BC Business Matters:
Small Jump in BC’s Minimum Wage Makes Sense
The province has decided to hike the statutory minimum wage to $10.45/hour, effective September 1, 2015. This amounts to an increase of 20 cents/hour from today’s level. Going forward, the government proposes to adjust the minimum wage based on inflation, as measured by changes in the all-items Consumer Price Index – an approach which the Business Council of BC has previously recommended. Assuming that inflation averages around 2% per annum, BC’s minimum wage can be expected to climb by a little over 20 cents per year. Within five years, the minimum wage would be roughly $12/hour.
The Intersection of Environmental Policy and Economic Growth
The argument often goes: increased environmental regulation makes for a better society and facilitates economic growth. Some in the business community may disagree. To date there have been academic studies in support of both sides of the discussion but the answer has remained elusive. There is no doubt that much environmental regulation helps shape the conduct of individuals and firms by creating limits and articulating responsibility for actions and performance. But a proliferation of poorly designed and badly implemented regulations may have negative consequences for the economy, deterring investment and undercutting the competitive position of affected firms in trade-exposed industry sectors.
An Update on Incomes
Statistics Canada recently published a fresh batch of data taken from the Canadian Income Survey. The picture that emerges is similar to what we have reported before. British Columbia remains a middling income performer within the national context.
Interest Rates in Canada - Lower for Longer
This week’s decision by the Bank of Canada to trim its overnight lending rate by 25 basis points (from 1% to 0.75%) caught the markets by surprise and also embarrassed the country’s economic forecasting community.
Plunging Oil Price Good for the BC Economy in 2015…
The rapid and steep decline in world oil prices has prompted a fair amount of commentary on the accompanying economic impacts. For Canada, much of the analysis points to modestly negative economic implications, stemming from reduced business investment, lower corporate revenues, a decline in the value of exports, and diminished job creation in the oil patch. Lower oil prices also translate into a decline in revenues flowing to the federal government and to provinces like Alberta and Newfoundland.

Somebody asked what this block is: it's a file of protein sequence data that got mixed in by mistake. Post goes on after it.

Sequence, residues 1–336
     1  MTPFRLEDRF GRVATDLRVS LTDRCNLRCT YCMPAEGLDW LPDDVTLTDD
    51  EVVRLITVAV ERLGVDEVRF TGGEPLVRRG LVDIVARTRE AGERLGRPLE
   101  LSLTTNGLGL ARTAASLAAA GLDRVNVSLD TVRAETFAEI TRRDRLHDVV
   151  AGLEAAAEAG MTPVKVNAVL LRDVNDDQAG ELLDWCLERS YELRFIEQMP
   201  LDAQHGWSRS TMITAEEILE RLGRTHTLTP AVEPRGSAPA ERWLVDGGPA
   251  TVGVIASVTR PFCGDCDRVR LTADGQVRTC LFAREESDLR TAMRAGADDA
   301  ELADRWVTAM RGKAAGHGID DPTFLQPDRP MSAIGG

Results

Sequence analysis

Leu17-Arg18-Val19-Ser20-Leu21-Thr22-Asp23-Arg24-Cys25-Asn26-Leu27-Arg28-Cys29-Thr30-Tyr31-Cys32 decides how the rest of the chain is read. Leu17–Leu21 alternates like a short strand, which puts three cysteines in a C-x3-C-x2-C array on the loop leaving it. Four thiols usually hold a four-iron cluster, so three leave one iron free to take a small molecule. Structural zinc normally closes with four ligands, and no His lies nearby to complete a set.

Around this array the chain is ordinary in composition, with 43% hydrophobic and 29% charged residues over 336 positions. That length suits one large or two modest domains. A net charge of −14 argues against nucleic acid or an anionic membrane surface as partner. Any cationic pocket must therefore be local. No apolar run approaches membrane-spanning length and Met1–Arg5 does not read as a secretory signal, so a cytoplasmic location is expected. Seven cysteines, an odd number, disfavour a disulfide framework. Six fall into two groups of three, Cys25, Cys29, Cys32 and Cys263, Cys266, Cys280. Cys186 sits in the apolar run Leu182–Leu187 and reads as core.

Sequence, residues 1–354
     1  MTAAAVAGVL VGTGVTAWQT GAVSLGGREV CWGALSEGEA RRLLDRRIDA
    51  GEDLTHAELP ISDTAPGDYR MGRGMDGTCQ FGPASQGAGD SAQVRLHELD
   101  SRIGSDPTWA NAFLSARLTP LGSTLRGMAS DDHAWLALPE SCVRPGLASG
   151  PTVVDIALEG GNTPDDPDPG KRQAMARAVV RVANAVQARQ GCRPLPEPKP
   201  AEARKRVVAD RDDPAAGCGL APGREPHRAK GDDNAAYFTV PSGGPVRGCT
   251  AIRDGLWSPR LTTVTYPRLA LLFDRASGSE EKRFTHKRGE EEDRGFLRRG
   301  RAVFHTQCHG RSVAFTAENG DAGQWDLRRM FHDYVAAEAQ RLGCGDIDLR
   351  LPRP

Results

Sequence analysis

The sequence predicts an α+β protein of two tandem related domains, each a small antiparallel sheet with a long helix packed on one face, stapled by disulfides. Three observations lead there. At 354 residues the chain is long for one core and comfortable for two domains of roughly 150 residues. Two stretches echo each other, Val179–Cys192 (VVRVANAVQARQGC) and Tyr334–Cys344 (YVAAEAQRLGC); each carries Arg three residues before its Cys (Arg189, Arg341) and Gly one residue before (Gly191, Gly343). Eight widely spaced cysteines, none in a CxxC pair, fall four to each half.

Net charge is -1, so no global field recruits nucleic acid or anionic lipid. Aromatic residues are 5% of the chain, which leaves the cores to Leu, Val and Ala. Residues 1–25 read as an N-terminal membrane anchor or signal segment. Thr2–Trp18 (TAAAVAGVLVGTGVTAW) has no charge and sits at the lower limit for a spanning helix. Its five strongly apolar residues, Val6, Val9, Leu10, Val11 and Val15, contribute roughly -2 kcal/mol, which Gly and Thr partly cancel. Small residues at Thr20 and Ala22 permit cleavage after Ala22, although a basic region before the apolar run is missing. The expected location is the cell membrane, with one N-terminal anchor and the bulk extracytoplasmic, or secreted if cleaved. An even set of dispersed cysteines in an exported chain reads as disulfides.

Charting BC’s Economic Prospects in 2015: Ten Developments to Watch
The Business Council outlines the top ten developments that will affect British Columbia's economy in 2015.
Income Inequality: Canada and the U.S. Marching to Different Drummers
Canada has long been known as a country that promotes the values of equity and fairness within our society. That helps to explain why the issue of economic inequality resonates with the media and among many of our political leaders. With a federal election expected sometime in 2015, inequality is sure to get more attention in the months ahead.
The Link Between Post-Secondary Education and Employment Earnings
Does post-secondary education make a difference? It most definitely does.
A Note on Infrastructure Investment and Government Debt
The Business Council recently published a white paper on infrastructure policy and financing in British Columbia. One of the points made in the paper is that investing in certain categories of infrastructure assets – particularly transportation, communications and energy infrastructure -- can help to strengthen the foundations for prosperity by boosting productivity, expanding the economy’s ‘supply side’ capacity, and improving the competitive position of local industries engaged in global commerce.
The global and Canadian gender gap, 2014
The global and local conversation about the economic potential of women and the foregone opportunity from not yet achieving full gender equality is heating up again. The last really big and prolonged discussion happened in the late 1970s, the heyday of feminist activism.
A tale of 2 countries – Canada and US (reversal of) fortunes in the post financial crisis period
For the majority of the post financial crisis time period, Canada has outperformed the United States on key economic metrics such as GDP growth, unemployment rates and median income growth.
These results were (yes, past tense) impressive:
- In 5 of the past 6 years, Canadian enjoyed stronger growth in GDP than the United States;
- Canada’s employment performance was better than the US, post financial crisis through 2013, reversing a long standing trend of American unemployment rates being lower than Canadian;